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PublisherBloomsbury Publishing PLC
Suitable for AgesFeatured Books for 14+ readers
Children's Book Awards - Shortlists and Winners
CILIP Carnegie & Greenaway Children's Book Awards 2013
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Publication date3rd January 2013
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Julia Eccleshare's comment:
Shortlisted for the CILIP Carnegie Medal 2013
January 2013 Debut of the Month Survival is at the heart of the criss-crossing stories in this powerful time slip novel set in Haiti. Shorty, fifteen and living in desperate poverty in Site Solay, is trapped in rubble after the collapse of everything he knows in the Haitian earthquake. Dreaming and hallucinating as hunger and thirst take a grip, Shorty relives his own life and also travels back to a previous violent period in Haitian history when Toussaint l’Ouverture, the visionary real slave turned revolutionary led a revolt against the French occupying forces gaining control and freedom for the Haitians. Both stories are stirring and Nick Lake keeps the tension taut while also allowing his characters enough room to be convincing and moving.
The full CILIP Carnegie Medal 2013 shortlist:
• The Weight of Water by Sarah Crossan
• A Greyhound Of A Girl by Roddy Doyle
• Maggot Moon by Sally Gardner
• In Darkness by Nick Lake
• Wonder by RJ Palacio
• Midwinterblood by Marcus Sedgwick
• A Boy And A Bear In A Boat by Dave Shelton
• Code Name Verity by Elizabeth Wein
The CILIP Carnegie and Kate Greenaway Medals are the UK's oldest and most prestigious children's book awards. Often described by authors and illustrators as 'the one they want to win' - they are the gold standard in children's literature.The CILIP Carnegie Medal is awarded by children's librarians for an outstanding book for children and young people. The winner of the 2013 Carnegie Medal will be announced on Wed 19th June 2013.
Who is Julia Eccleshare ?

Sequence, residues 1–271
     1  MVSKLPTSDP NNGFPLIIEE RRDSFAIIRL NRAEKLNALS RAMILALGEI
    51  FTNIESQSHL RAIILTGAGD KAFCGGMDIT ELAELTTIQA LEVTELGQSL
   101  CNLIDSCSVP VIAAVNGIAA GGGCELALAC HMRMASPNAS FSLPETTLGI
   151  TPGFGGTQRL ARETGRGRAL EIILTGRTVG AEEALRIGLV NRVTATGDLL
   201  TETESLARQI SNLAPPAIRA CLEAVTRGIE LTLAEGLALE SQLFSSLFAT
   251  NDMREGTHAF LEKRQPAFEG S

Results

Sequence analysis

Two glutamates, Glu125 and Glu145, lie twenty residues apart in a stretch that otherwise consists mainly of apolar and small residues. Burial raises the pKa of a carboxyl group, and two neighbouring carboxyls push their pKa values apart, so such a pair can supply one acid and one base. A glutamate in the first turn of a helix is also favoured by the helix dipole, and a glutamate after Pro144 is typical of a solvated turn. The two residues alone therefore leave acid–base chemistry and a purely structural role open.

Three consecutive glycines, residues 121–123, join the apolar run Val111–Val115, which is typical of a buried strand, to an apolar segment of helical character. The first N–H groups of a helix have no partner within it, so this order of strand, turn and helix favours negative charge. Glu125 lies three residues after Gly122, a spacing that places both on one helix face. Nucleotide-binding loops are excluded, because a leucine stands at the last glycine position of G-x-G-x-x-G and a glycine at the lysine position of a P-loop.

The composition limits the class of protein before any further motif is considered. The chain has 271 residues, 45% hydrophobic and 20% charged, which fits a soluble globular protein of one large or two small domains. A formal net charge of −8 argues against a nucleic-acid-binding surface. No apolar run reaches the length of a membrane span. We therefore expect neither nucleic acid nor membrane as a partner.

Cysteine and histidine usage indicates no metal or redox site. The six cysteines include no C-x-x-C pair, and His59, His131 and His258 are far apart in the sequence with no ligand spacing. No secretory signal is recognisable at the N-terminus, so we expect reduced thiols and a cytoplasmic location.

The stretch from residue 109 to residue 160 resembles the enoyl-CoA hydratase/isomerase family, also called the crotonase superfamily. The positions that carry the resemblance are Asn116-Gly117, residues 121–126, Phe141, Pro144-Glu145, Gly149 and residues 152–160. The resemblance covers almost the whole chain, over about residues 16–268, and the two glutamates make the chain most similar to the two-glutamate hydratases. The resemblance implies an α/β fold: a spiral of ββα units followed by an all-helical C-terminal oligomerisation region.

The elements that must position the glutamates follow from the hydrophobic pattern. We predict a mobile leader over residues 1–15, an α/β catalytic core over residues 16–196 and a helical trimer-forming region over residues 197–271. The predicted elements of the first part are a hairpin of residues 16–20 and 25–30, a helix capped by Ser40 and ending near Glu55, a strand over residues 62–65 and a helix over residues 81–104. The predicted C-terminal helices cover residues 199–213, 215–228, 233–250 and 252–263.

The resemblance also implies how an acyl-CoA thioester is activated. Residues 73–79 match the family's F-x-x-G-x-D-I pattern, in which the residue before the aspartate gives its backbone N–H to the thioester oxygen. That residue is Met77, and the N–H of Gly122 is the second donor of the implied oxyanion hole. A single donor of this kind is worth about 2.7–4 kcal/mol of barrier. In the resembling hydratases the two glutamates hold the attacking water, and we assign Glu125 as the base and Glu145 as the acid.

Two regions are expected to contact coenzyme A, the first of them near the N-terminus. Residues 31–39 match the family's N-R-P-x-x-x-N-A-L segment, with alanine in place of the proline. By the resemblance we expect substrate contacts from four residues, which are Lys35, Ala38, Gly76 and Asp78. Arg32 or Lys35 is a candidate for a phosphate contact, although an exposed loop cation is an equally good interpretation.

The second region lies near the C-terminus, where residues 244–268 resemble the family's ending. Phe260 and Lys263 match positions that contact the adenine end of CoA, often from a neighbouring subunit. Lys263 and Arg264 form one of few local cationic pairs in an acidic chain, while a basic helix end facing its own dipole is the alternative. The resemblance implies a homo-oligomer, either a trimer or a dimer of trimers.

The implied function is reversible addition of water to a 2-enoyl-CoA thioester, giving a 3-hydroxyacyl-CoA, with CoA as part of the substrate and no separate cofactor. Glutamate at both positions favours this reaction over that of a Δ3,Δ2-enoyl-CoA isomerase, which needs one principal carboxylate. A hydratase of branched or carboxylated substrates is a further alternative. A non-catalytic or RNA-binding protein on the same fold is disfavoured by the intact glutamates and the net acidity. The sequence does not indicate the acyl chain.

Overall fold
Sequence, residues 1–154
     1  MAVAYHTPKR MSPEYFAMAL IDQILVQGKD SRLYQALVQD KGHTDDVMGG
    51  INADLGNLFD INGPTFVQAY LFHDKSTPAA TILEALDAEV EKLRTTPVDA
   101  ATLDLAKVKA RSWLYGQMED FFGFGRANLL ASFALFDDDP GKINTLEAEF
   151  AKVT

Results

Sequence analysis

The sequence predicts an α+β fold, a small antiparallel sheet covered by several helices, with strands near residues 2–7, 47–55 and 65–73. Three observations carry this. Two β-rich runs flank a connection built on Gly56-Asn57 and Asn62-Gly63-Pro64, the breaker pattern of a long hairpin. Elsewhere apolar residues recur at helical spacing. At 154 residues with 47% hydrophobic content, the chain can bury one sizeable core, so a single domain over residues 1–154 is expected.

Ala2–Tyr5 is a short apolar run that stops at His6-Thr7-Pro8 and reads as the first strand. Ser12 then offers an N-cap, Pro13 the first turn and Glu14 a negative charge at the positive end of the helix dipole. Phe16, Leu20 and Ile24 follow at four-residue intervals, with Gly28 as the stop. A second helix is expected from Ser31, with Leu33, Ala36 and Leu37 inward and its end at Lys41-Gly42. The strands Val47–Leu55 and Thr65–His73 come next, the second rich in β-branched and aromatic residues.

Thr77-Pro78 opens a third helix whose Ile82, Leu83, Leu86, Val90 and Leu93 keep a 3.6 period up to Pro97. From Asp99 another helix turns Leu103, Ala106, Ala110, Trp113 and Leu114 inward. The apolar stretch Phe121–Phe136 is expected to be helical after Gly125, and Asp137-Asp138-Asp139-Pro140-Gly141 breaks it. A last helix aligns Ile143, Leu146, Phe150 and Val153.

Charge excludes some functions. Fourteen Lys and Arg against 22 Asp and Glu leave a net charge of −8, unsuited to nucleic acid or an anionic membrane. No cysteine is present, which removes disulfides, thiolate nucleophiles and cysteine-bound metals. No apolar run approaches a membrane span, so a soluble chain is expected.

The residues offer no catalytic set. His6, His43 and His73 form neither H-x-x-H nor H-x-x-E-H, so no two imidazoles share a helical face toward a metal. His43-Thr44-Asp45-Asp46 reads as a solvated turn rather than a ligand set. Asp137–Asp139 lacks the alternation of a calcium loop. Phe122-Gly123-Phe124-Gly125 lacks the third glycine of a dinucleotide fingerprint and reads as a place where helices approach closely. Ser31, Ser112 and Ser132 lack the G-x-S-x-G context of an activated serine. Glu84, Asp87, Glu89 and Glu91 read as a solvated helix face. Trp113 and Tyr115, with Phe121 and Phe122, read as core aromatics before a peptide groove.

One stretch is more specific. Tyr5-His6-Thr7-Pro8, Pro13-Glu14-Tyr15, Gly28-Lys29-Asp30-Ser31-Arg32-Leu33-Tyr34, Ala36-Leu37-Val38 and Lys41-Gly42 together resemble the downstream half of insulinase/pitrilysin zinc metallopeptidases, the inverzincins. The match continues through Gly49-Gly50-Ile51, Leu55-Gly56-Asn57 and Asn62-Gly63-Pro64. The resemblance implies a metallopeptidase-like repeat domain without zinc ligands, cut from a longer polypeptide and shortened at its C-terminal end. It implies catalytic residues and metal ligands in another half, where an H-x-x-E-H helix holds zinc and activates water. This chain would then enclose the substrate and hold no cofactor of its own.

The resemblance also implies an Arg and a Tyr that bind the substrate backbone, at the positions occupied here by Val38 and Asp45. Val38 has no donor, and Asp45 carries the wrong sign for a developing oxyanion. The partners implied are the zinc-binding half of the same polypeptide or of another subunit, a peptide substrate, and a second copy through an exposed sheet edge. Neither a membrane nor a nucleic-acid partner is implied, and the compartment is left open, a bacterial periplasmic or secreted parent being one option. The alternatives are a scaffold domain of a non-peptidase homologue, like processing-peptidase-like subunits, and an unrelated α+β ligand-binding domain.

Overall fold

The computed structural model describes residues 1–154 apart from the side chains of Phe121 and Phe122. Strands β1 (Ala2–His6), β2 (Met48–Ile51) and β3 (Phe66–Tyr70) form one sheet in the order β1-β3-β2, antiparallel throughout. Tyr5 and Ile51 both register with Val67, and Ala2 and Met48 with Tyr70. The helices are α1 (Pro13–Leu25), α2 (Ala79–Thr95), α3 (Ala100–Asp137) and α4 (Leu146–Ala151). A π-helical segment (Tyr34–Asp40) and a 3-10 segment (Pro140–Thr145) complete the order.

SynopsisIn Darkness by Nick Lake
In darkness, I count my blessings like Manman taught me. One: I am alive. Two: there is no two. In the aftermath of the Haitian earthquake, a boy is trapped beneath the rubble of a ruined hospital, thirsty, terrified and alone. Shorty is a child of the slums, a teenage boy who has seen enough violence to last a lifetime, and who has been inexorably drawn into the world of the gangsters who rule Site Soley; men who dole out money with one hand and death with the other. But Shorty has a secret: a flame of revenge that blazes inside him and a burning wish to find the twin sister he lost seven years ago ...
A vivid and unforgettable voice ... incredibly moving
Gripping ... beautifully subtle New York Times Both violent and subtle, unexpectedly reminding me of The Wire. Characters, settings, and the half-believed Haitian vodou religion are handled with patience and complexity ... A serious, nuanced, challenging novel. Trust me, there are plenty of young readers who hunger for exactly that Patrick Ness,
Remarkable ... Lake's elegant, restrained prose and distinct characters will reward adults and older teenagers able to brave a story with strong language, harrowing scenes of brutality and an almost painful stab of joy at the end Wall Street Journal
About The Author
Nick Lake is 29 years old and a children's book editor at HarperCollins. He lives in London with his English teacher wife, Hannah.
Nick Lake Q&A:
Student, and then book editor. Which I still am.